Garner wasn’t in love with Hollywood, viewing acting as a means to make a living. But in 1957, he got his big break starring as card shark Bret Maverick. Garner was on the show for three years until a contract dispute forced him out. Later, he starred in The Rockford Files, which lasted six seasons from 1974-1980. He won an Emmy as Best Actor for the show in 1977. Garner and other prominent White actors like Marlon Brando attended the March On Washington for Jobs and Freedom in 1963.
Actor Harry Belafonte was the one who reportedly urged Garner to join the march. Hollywood was inspired to take action and get involved in the March after Rev. Martin Luther King Jr. spoke to a contingent of actors and actresses at Burt Lancaster’s home. In his 2011 book, The Garner Files: A Memoir, Garner refers to himself as a “bleeding heart liberal,” and slammed actor Charlton Heston, who switched from being a leader of the liberal Hollywood stars that marched in Washington in 1963 to becoming an ardent supporter of Republican politics.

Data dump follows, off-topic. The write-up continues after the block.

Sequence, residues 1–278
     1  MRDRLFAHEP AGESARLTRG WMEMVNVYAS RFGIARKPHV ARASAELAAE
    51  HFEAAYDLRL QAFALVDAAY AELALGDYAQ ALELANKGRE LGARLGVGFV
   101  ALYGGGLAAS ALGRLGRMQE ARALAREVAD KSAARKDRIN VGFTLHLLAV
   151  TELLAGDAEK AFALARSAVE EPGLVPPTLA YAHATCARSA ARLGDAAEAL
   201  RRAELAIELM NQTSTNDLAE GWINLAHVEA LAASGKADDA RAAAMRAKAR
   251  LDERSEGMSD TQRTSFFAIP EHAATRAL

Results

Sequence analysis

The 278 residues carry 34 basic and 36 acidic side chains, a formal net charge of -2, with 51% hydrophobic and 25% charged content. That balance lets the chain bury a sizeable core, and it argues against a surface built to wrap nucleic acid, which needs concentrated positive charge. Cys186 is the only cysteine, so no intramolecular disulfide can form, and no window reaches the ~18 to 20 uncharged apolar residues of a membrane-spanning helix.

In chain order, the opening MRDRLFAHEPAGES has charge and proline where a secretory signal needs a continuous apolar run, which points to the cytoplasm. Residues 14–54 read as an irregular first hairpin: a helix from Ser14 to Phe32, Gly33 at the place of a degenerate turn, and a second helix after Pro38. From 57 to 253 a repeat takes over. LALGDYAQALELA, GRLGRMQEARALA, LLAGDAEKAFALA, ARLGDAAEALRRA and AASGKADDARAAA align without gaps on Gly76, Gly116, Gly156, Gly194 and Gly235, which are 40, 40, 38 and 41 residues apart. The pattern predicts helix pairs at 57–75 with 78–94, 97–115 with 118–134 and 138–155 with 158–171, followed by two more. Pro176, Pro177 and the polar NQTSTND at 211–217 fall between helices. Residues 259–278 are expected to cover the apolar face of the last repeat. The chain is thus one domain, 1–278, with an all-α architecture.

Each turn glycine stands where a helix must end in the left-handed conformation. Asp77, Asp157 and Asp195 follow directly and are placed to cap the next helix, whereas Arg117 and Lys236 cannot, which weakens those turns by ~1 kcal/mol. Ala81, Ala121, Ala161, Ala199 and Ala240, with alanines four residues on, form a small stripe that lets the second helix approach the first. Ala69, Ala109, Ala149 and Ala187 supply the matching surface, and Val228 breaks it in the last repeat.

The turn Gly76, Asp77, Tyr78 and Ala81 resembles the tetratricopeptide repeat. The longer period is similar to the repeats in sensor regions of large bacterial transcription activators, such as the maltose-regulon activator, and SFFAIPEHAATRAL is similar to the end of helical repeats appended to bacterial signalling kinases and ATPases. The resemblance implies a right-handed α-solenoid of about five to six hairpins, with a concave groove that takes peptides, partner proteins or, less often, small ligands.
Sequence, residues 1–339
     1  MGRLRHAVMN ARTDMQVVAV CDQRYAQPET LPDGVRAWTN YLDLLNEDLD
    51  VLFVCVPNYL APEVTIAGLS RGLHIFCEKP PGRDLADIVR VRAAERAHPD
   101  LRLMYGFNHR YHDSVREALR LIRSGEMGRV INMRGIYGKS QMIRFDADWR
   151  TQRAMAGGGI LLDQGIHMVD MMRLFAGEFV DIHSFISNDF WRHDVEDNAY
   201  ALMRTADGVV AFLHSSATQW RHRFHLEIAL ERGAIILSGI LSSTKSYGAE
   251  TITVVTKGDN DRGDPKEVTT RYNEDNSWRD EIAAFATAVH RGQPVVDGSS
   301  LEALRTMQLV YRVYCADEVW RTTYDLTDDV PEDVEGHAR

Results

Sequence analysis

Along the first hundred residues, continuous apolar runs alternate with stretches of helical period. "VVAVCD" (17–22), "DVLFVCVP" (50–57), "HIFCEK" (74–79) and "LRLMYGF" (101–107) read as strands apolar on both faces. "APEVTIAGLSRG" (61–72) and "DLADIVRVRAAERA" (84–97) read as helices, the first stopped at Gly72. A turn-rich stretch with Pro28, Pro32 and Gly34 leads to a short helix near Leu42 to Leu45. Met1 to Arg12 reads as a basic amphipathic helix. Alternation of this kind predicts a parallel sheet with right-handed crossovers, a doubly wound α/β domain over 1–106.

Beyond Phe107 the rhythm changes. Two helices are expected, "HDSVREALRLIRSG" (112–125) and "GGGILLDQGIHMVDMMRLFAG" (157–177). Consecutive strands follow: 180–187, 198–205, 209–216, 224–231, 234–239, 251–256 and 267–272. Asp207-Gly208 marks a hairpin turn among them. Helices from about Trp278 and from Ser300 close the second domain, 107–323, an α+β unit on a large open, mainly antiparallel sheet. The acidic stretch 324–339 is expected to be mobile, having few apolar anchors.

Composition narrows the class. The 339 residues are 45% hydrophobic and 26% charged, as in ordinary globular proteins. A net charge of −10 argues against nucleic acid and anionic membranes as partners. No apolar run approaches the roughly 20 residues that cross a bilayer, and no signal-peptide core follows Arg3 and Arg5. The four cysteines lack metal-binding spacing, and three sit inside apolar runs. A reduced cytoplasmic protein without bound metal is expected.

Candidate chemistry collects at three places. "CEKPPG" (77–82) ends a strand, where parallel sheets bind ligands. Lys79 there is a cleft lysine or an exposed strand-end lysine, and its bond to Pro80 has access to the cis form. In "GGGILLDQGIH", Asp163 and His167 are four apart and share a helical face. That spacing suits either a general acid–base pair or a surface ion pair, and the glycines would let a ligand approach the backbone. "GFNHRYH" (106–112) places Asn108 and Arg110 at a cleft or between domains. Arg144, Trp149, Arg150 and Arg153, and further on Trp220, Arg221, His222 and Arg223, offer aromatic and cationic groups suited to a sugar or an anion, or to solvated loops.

Though he’s best known for his TV roles, including his famous Polaroid commercials with actress Mariette Hartley, (the two had so much onscreen chemistry people thought tthey were married in real life.) Garner also appeared in several movies, including Victor/Victoria and Murphy’s Romance, for which he was nominated for an Oscar.
One his most popular roles was as a devoted husband in the beloved 2004 movie The Notebook.
In 2005, Garner was awarded the Screen Actors Guild’s Lifetime Achievement Award and in 2010, the Television Critics Association gave Garner its annual Career Achievement Award. Garner is survived by his wife of 58 years, Lois, and his daughters Gigi and Kimberley.